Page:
This page contains a single entry from the blog posted on February 17, 2013 10:47 AM. The previous post in this blog was A little ahead of themselves. The next post in this blog is Ain't that the truth. Many more can be found on the main index page or by looking through the archives.

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Sunday, February 17, 2013

Another public input charade

The city of Seattle has installed 30 surveillance cameras along its waterfront to augment security, but Mayor Mike McGinn says the cameras won’t be turned on until the public has a say.

Good Lord, what a strange and awful place our country has become.

Comments (23)

And in the not-too-distant future, they'll know the identity of every person in those surveillance videos. For more see here:
And here:

Actually, forget the not-so-distant future. How about now?

Last year when I had to get my driver's license renewed, things were different.
The camera had to come in very close and the person working there told me that they no longer had the same system, that these images are sent to somewhere else and pictures taken now were done differently!!
I felt very uncomfortable and realized later that day that I also then felt violated. Nothing was said about this until the end process when the picture was taken.
I was quite upset about it all, and yet what could one do? Not drive? drive without a license? It was a feeling of being overwhelmed realizing and as Jack said:
Good Lord, what a strange and awful place our country has become.

You should all know that it's far easier to ask forgiveness than permission...

What would be interesting to know is who paid for the cameras, and what they cost. It'd be one thing if a company put them in on their dime, hoping for a contract to monitor / service them. I'm sure they wouldn't spend taxpayer dollars without approval, right...??..;-)

"what a strange and awful place our country has become" I remember walking about a mile to school. I wouldn't advise that in most neighborhoods today.

welcome to the Brave New World and 1984.
Could we have a revolution now and get back to the country we used to live in?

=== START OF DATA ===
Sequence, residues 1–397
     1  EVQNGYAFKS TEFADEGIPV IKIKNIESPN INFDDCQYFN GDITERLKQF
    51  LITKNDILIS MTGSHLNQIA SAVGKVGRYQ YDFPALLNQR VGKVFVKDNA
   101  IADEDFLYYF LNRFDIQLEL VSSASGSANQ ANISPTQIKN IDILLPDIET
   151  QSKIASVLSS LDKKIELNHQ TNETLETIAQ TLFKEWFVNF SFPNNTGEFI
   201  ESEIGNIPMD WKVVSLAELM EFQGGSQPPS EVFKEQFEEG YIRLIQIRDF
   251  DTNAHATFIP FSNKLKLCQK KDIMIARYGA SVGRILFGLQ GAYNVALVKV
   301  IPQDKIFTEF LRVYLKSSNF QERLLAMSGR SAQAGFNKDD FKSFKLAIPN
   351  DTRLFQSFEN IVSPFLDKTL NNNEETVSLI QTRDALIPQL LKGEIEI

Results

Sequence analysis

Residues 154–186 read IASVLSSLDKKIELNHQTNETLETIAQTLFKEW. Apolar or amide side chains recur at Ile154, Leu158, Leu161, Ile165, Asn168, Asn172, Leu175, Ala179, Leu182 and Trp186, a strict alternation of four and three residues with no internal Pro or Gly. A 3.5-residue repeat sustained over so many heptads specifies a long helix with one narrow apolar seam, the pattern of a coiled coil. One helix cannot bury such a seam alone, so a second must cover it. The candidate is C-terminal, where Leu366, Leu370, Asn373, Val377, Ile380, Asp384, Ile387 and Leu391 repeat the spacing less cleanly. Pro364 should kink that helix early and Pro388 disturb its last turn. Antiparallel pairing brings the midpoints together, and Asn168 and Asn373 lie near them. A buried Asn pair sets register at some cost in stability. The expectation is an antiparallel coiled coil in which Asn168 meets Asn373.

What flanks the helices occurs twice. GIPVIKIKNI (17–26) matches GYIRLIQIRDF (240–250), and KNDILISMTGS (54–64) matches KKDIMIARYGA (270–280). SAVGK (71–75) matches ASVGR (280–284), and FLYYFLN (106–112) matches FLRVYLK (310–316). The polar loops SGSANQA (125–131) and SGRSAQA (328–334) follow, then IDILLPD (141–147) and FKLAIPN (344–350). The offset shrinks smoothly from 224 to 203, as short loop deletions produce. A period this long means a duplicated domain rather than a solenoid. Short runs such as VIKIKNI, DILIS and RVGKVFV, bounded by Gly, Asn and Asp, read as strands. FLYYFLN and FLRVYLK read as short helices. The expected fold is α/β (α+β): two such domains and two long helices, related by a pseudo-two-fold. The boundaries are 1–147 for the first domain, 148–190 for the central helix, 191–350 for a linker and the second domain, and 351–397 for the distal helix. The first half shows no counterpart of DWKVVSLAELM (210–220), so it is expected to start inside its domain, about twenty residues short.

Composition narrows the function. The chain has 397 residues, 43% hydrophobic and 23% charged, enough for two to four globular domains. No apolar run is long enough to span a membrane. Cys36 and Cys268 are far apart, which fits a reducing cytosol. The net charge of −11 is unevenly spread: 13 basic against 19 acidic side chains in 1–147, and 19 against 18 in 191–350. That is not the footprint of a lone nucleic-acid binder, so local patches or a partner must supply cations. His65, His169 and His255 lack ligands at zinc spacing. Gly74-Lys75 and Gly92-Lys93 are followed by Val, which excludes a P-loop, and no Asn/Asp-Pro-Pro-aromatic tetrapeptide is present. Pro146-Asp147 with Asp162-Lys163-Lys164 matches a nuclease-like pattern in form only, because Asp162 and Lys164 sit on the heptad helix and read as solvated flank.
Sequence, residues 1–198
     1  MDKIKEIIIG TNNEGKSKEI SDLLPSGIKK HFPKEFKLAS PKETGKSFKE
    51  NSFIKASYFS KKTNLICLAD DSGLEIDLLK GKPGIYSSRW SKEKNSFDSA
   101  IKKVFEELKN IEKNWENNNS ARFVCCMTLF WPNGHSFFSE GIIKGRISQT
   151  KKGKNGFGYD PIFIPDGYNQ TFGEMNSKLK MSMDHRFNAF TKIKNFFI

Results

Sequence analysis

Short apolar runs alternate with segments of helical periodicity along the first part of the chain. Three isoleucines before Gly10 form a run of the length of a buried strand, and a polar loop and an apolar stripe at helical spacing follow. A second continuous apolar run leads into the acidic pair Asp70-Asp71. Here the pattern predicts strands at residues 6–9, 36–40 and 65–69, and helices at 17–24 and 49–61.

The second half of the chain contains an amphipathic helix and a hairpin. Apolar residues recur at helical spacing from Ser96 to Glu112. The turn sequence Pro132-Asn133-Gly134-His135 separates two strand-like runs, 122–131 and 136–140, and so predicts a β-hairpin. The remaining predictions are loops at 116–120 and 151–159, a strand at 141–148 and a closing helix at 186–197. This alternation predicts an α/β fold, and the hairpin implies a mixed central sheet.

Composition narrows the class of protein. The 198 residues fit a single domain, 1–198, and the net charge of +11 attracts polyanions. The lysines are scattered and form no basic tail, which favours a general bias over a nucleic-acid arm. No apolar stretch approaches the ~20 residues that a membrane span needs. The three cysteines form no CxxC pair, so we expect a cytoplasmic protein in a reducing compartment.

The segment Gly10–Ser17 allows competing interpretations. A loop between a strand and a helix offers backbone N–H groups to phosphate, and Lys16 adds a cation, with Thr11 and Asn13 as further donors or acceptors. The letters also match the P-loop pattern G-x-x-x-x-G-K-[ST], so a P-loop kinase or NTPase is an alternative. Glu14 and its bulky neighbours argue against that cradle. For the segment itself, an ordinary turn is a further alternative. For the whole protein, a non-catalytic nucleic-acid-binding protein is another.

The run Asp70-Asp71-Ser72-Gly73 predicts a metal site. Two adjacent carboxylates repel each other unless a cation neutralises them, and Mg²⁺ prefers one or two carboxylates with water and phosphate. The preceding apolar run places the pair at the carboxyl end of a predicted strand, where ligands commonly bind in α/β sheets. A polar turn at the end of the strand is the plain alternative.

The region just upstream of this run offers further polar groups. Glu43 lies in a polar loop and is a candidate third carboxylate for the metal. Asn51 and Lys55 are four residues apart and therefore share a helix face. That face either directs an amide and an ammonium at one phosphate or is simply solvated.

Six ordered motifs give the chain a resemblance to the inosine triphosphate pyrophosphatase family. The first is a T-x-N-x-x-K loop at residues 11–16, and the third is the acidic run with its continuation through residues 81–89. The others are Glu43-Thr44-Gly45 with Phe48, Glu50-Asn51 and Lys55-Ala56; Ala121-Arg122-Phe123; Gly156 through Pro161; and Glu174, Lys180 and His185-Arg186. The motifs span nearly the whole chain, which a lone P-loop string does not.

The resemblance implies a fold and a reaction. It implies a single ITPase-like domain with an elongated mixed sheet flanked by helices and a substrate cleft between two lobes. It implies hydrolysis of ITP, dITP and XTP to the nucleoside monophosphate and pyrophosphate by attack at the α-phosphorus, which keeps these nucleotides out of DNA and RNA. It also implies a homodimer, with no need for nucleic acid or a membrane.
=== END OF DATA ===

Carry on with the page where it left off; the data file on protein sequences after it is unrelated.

I hate to say this, but in a country this size with such porous borders, the most cost effective way to implement law enforcement in order to protect us from terrorists, from each other, from ourselves, and to implement climate-saving behavioral change is going to be increasingly invasive electronic surveillance.

Prior to 9/11, public opinion, social conscience, the US Constitution and related limitations on government power, and the cost of the technology kept these kind of ideas largely in check. But in the 12 years since 9/11, all of that has changed and continues to.

Take for example Oregon officials' plan to require GPS monitoring on all motor vehicles. Not only would government know where you are at all times, they will know at what speed you're moving in that location. Highly reliable speeding citations could then be sent out automatically without any police involvement, a huge money saver. The monitoring system could even generate automatic police APBs or public alerts when it detected severe violators. Position tracking could eventually be extended to bicycles and even individuals in the name of cost-effective public safety, since it also reveals your altitude, essentially providing 3 dimensional positioning at all times. In an urban environment law enforcement would consider this useful crime solving information. The system could even automatically summon EMT services by detecting when someone was changing altitude or velocity at an excessive rate and came to an abrupt stop.

And that's just GPS and what I can come with!

There's even an economic argument. Because increased surveillance would create huge opportunities for target marketing, the government could auction off access to information to raise revenue, similar to how the FCC currently auctions off access to the public RF spectrum to raise cash.

I know I sound like I'm ranting from under a tin-foil hat, but I'm not talking about UFOs and mind control here, just what's currently or increasingly possible. All it takes is an argument in favor and the politicians to pursue it.

Stationary camera surveillance and artificial intelligence are so passe.  Do you mean to say that mobile license plate scanners haven't made it to the West Coast yet?

"Mayor Mike McGinn says the cameras won’t be turned on until the public has a say."

What I hear is say what you want, but the cameras are being turned on after you talk.

Welcome to 1984, I dare you to tell me it doen'r exist now.

The Anarchist children have started a program to destroy and disable the cameras. In Berlin small groups in black hoodies are scouring the trains, and streets and tearing down the cameras late at night.

What "... our country has become." We built that. Just by paying our taxes,
and then sitting on our butts figuring random and arbitrary gyrations of The System,
happens however things happen, and leaving it to others, someone, somewhere,
we don't know, to get involved.